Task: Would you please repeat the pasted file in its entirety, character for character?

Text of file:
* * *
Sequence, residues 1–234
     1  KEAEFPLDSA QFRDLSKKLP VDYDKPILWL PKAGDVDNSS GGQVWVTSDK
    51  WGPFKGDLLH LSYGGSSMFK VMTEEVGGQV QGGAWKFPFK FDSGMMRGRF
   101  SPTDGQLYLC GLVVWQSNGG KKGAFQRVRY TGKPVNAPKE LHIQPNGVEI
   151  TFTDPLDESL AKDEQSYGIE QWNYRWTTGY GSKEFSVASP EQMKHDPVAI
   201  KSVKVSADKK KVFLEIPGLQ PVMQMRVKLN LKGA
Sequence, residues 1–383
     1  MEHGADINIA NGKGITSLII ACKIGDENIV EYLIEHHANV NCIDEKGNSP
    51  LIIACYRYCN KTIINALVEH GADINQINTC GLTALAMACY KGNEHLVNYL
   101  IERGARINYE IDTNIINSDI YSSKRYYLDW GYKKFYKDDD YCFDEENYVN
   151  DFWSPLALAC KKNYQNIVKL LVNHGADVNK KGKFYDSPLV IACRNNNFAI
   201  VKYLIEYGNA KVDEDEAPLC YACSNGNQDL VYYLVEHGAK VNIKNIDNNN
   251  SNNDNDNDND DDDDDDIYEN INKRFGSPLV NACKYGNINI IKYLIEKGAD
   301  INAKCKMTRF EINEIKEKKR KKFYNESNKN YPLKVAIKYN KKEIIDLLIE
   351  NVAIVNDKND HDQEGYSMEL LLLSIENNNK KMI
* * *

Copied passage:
Sequence, residues 1–234
     1  KEAEFPLDSA QFRDLSKKLP VDYDKPILWL PKAGDVDNSS GGQVWVTSDK
    51  WGPFKGDLLH LSYGGSSMFK VMTEEVGGQV QGGAWKFPFK FDSGMMRGRF
   101  SPTDGQLYLC GLVVWQSNGG KKGAFQRVRY TGKPVNAPKE LHIQPNGVEI
   151  TFTDPLDESL AKDEQSYGIE QWNYRWTTGY GSKEFSVASP EQMKHDPVAI
   201  KSVKVSADKK KVFLEIPGLQ PVMQMRVKLN LKGA
Sequence, residues 1–383
     1  MEHGADINIA NGKGITSLII ACKIGDENIV EYLIEHHANV NCIDEKGNSP
    51  LIIACYRYCN KTIINALVEH GADINQINTC GLTALAMACY KGNEHLVNYL
   101  IERGARINYE IDTNIINSDI YSSKRYYLDW GYKKFYKDDD YCFDEENYVN
   151  DFWSPLALAC KKNYQNIVKL LVNHGADVNK KGKFYDSPLV IACRNNNFAI
   201  VKYLIEYGNA KVDEDEAPLC YACSNGNQDL VYYLVEHGAK VNIKNIDNNN
   251  SNNDNDNDND DDDDDDIYEN INKRFGSPLV NACKYGNINI IKYLIEKGAD
   301  INAKCKMTRF EINEIKEKKR KKFYNESNKN YPLKVAIKYN KKEIIDLLIE
   351  NVAIVNDKND HDQEGYSMEL LLLSIENNNK KMI